Should You Refinance Your Student Loans?

I recently started doing a ton of research on the student loan crisis in America because it's a topic that many of my readers, as well as friends, talk to me about. Many of them are drowning in more than $100,000 of debt and are not sure if or when they will see a life raft. On top of this, there is an ongoing debate as to whether refinancing your student loans is a good option. The answer? It might not be the best solution for everyone, but it's important to understand the pros and cons before you make any rash decision about your finances.

A quick note: this post may contain affiliate links which help keep this blog up and running. For more information, see my disclosure policy.

What does it mean to refinance your student loans?

Student loan refinancing involves swapping your current student loans for a new loan with a lower interest rate. By refinancing your student loans, you can often reduce your monthly payments, or otherwise renegotiate the terms of your debt. 

If you have arrived here and already know that you want to refinance your student loans, I recommend checking out LendEDU and completing their 3-minute questionnaire to see how you could potentially save thousands of dollars on your student loans.

Burdened by your student loans? Learn how to pay off your student loans quickly in 3 steps. Learn what it means to refinance student loans, debt snowball and debt avalanche. Gain financial freedom.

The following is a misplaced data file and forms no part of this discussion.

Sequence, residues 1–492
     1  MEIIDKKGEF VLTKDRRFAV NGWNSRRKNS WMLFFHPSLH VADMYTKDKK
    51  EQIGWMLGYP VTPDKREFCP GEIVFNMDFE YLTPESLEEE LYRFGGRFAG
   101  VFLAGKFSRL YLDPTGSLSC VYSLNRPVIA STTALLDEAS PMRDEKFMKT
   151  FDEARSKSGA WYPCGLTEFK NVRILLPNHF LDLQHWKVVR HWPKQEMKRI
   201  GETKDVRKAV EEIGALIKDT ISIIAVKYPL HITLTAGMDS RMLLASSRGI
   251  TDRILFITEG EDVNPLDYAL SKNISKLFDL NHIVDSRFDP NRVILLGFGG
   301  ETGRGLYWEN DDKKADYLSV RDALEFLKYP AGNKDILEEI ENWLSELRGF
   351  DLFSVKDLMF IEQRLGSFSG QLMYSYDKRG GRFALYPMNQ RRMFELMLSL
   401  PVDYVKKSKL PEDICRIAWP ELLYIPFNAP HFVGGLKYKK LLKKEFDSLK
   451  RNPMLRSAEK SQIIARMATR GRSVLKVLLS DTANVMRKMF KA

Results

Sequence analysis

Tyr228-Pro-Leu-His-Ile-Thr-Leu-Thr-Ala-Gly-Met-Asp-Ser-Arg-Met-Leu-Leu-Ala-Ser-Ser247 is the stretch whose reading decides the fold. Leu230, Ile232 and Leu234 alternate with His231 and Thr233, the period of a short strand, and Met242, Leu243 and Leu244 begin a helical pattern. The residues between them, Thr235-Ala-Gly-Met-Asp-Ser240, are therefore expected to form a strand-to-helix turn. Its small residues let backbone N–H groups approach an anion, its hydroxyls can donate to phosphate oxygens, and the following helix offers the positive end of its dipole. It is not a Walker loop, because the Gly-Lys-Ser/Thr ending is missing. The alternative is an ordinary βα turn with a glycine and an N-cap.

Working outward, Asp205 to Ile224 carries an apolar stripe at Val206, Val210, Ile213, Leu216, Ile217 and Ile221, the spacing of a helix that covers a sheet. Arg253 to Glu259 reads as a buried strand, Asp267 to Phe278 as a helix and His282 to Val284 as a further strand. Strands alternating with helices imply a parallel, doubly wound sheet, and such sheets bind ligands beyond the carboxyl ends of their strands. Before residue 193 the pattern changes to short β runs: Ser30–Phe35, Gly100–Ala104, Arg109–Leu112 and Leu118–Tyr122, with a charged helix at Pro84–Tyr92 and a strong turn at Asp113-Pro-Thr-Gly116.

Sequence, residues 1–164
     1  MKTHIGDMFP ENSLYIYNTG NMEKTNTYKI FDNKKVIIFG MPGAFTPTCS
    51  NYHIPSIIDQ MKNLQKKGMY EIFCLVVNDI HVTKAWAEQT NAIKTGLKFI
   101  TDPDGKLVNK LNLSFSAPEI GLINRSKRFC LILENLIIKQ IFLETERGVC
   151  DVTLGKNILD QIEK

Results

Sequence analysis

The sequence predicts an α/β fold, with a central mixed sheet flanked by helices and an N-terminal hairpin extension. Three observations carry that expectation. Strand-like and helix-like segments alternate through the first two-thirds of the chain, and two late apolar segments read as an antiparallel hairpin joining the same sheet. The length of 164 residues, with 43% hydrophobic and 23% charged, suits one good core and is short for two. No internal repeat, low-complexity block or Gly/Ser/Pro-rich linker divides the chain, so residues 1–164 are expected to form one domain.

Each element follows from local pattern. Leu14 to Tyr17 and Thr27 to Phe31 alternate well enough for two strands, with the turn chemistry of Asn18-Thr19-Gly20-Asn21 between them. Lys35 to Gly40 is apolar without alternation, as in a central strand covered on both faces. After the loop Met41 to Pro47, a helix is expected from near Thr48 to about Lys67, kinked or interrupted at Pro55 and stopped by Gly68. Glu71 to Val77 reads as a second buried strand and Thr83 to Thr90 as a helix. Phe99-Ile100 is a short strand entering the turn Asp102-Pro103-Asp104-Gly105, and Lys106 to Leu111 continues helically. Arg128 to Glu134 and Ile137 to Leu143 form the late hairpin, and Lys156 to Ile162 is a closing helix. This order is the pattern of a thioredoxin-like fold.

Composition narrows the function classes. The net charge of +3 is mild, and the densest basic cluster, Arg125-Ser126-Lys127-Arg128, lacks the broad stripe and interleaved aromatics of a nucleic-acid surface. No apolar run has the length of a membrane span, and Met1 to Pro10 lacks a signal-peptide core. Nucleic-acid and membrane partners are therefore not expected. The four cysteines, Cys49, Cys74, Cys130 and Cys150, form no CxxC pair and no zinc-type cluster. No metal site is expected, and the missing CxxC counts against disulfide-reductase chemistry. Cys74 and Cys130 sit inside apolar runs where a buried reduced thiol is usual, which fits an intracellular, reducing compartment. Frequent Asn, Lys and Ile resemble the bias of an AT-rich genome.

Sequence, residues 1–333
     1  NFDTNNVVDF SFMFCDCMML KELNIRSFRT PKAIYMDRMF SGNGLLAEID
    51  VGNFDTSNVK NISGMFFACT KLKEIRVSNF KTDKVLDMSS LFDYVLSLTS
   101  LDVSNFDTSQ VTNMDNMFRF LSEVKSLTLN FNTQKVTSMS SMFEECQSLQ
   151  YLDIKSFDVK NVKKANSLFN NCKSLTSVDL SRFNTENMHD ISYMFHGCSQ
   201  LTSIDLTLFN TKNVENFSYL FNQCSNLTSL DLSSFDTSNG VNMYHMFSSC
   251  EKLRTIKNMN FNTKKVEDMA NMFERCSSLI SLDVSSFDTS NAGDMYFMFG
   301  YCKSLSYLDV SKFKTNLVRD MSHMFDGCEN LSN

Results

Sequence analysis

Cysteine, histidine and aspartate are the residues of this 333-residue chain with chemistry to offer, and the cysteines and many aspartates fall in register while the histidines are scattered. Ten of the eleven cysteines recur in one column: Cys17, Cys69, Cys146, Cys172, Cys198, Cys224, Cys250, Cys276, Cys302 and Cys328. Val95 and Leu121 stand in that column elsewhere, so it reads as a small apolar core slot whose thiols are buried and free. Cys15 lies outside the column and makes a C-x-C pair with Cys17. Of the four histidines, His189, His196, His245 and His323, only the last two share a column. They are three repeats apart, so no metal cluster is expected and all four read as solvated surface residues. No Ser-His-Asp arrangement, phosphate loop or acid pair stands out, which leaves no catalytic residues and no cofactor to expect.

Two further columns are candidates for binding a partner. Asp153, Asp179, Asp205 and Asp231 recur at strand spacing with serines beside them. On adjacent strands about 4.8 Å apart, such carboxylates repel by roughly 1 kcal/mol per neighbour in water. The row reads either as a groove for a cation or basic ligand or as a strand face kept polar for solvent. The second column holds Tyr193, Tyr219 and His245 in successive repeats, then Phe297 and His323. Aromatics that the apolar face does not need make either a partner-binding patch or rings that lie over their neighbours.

What are the benefits of refinancing your student loans?

  • If you qualify for a refinance, you could lower your interest rate and potentially reduce your monthly payments. 
  • You may be able to renegotiate the terms of your original loan(s) and a release a co-signer.
  • You can use the interest savings to aggressively pay down your principal and get out of debt faster. 

refinancing is not a good option for everyone

You should be aware of the following:

  • If you refinance a federal student loan with a private lender, you will likely miss out on the following options:

    • Income-based repayment plans
    • Loan forgiveness programs
    • Deferment or forbearance under federal rules
  • In the event of your death, you will lose federal student loan forgiveness.
  • You need to be in good financial standing in order to qualify (see below for more details).

What does this mean for your situation?

Questions to ask yourself before you consider refinancing your student loans

Do I have a healthy income? If you are currently in between jobs or not in a stable spot career-wise, it might not be the best time to consider this move.

What is my debt-to-income ratio? Even if you are earning a decent salary, lenders will want to know how wisely you are spending your take home salary each month. Enter: the debt-to-income ratio calculation or DTI for short! You can figure out your DTI by taking your total monthly debt payments (include rent payments) / gross monthly income. A lower number is a good indicator to lenders.

What is my credit score? It’ll be easier to get approved for a student loan refinance if you have a solid credit score. There are many free options to check your credit score such as Credit Karma or Mint. These sites will also give you the low down on which factors are impacting your credit score more than others.

How confident am I that I will be able to pay off my loans? If you refinance a federal loan with a private lender, you must be confident that you can keep up with payments and aggressively pay down your debt before giving up the protections that come with federal student loans.

Finding the right bank to refinance your student loans